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In fact, they’re here-in numbers larger than many want to admit. It’s no secret that we’re prime plucking for foreign investors. The question is, are we selling control of the city?
By Brux Austin |

JIM MCLENNAN, A PARTNER IN THE Dallas office of Kenneth Leventhal & Company, recalls an incident at a recent seminar on foreign investment. The topic was doing business with the Japanese. Suddenly a local businessman in the audience stood up, and, obviously exasperated, interrupted one of the panelists, an analyst from Goldman Sachs.

“Listen,” the man shouted. “I was always taught ’When you’re in Rome, do as the Romans do.’ So how come when the Japanese visit here, they continue to act like they’re in Japan? I’m always hearing how I should never offend them; how I should bow with my arms extended, palms flat on my thighs; how I should always give them a certain amount of personal space; how I should treat their business cards with great respect, and so on and so on and so on. My question is: why don’t they do the kowtowing?”

The Goldman Sachs man sighed. Finally, he said quietly, “Because they, my friend, are the ones with the money.”

The Japanese, as exporters and notoriously stingy savers, have amassed billions of dollars of spending money (they’ve even acquired 25 percent of Goldman Sachs). By contrast, we Americans, as importers and notoriously extravagant spenders, are deep in debt. “Time to start selling the family jewels,” says U.S. Congressman John Bryant (D-Dallas), who has made a career, of late, out of crying in the wilderness against Japanese ambitions.

Nowhere are those family jewels better displayed than in Dallas, the quintessential buyer’s market. Millions of square feet of office space sit vacant. Hundreds of companies sit undercapitalized. Thousands of people sit jobless. Easy pickin’s. But are the Japanese buying? Conventional wisdom says no. A careful examination of who’s kicking what tires reveals otherwise.

“Just a year ago they were totally redlining Dallas-Fort Worth,” says Fred Brodsky, whose real estate firm has patiently worked with the Japanese for more than a decade. “Now they’re saying, ’Show us some property.’ They are definitely tempted to buy.”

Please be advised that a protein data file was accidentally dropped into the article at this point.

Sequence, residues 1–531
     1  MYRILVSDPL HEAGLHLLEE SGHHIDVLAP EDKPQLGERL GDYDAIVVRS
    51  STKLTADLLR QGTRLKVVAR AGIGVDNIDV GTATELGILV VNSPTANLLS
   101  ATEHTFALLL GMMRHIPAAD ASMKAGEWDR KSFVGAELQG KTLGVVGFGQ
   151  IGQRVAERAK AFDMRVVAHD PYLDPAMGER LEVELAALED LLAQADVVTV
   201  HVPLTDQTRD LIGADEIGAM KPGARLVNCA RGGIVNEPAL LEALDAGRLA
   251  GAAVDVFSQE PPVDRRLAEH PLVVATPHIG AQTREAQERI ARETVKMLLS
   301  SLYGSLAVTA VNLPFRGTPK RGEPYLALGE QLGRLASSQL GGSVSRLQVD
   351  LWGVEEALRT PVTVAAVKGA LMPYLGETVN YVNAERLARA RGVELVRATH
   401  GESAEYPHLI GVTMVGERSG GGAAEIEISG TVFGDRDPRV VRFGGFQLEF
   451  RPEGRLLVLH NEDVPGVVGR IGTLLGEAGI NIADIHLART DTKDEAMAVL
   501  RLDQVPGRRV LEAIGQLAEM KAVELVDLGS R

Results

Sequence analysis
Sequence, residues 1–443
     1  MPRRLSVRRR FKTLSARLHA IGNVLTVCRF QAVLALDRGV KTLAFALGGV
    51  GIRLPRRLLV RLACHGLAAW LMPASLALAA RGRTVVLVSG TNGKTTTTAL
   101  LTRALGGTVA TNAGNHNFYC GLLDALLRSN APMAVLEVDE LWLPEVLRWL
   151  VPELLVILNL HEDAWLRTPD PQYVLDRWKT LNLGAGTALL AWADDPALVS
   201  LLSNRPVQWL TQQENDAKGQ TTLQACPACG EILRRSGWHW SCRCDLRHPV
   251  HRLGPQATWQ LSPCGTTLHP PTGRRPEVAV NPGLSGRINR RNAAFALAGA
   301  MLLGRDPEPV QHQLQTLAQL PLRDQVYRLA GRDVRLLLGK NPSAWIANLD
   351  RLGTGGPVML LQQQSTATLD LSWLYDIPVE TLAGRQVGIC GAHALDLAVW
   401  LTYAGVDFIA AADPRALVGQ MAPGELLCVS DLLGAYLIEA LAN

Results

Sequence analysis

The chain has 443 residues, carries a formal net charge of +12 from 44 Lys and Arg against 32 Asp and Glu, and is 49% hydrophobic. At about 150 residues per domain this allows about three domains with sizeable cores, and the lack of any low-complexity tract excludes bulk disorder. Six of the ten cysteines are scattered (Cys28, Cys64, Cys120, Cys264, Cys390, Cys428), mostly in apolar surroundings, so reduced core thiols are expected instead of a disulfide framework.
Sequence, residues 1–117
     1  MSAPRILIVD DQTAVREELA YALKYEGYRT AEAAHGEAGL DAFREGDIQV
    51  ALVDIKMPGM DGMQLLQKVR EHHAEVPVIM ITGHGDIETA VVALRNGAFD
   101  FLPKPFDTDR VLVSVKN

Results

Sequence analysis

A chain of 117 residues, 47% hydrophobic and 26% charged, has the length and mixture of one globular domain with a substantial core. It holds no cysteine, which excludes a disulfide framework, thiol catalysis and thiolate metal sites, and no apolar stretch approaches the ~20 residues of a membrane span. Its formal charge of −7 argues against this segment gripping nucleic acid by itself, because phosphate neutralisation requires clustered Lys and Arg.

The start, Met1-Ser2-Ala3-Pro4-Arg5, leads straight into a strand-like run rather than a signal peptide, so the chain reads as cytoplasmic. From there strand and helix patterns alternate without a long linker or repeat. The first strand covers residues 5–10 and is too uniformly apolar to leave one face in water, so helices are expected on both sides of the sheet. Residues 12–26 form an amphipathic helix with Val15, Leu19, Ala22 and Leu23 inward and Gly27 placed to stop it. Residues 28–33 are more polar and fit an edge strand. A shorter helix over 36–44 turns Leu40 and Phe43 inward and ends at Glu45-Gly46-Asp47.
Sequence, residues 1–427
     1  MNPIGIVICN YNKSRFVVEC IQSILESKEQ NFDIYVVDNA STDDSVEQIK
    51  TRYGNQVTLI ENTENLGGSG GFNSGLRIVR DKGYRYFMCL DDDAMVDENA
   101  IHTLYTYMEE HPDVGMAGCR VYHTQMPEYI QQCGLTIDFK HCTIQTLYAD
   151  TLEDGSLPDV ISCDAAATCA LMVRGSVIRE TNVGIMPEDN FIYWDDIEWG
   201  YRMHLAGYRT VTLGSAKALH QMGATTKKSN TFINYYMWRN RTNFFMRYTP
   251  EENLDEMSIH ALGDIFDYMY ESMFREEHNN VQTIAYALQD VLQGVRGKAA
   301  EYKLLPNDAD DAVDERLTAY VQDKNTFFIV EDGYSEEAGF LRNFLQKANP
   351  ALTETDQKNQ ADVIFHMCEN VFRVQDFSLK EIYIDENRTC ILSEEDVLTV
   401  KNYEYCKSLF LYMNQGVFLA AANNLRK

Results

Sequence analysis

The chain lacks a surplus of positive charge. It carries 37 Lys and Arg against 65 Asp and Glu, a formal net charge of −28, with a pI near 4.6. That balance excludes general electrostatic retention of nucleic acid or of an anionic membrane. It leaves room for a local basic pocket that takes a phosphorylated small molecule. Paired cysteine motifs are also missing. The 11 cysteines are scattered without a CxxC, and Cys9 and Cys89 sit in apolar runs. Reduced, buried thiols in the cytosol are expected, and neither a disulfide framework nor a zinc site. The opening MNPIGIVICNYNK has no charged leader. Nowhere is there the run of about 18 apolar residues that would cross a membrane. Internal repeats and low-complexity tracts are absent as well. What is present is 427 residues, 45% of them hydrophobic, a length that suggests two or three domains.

Trouble is, the Japanese are notoriously fussy shoppers. They are hearing some high-powered sales pitches, yet they are not easily impressed. You can see them in the lobbies of the Anatole or The Fairmont, invariably in groups, clad as always in dark suits, white shirts, and ties of subdued colors, conversing with each other in Japanese as they wait for some all-too-eager Dallasite to pick them up in his Mazda sedan and drive them over to inspect another “steal” of a property.

The Japanese are prepared to do deals. But they will deal from strength. There is fear that capital-starved Dallasites will deal from desperation.

Around the country, concern is rising that the U.S. is mortgaging its future. The number of Japanese real estate purchases in the U.S. is mounting so rapidly ($16.5 billion worth last year) that Coldwell Banker Commercial Group recently announced, “It is inescapable that, considering the scope, the scale, the rapidity, and methodical nature of their commitment, the Japanese will become, at some point, sooner than we may anticipate, the dominant force in the U.S. commercial real estate marketplace.”

That announcement came shortly before the Japanese bought a sizable chunk of Cold-well Banker Commercial Group.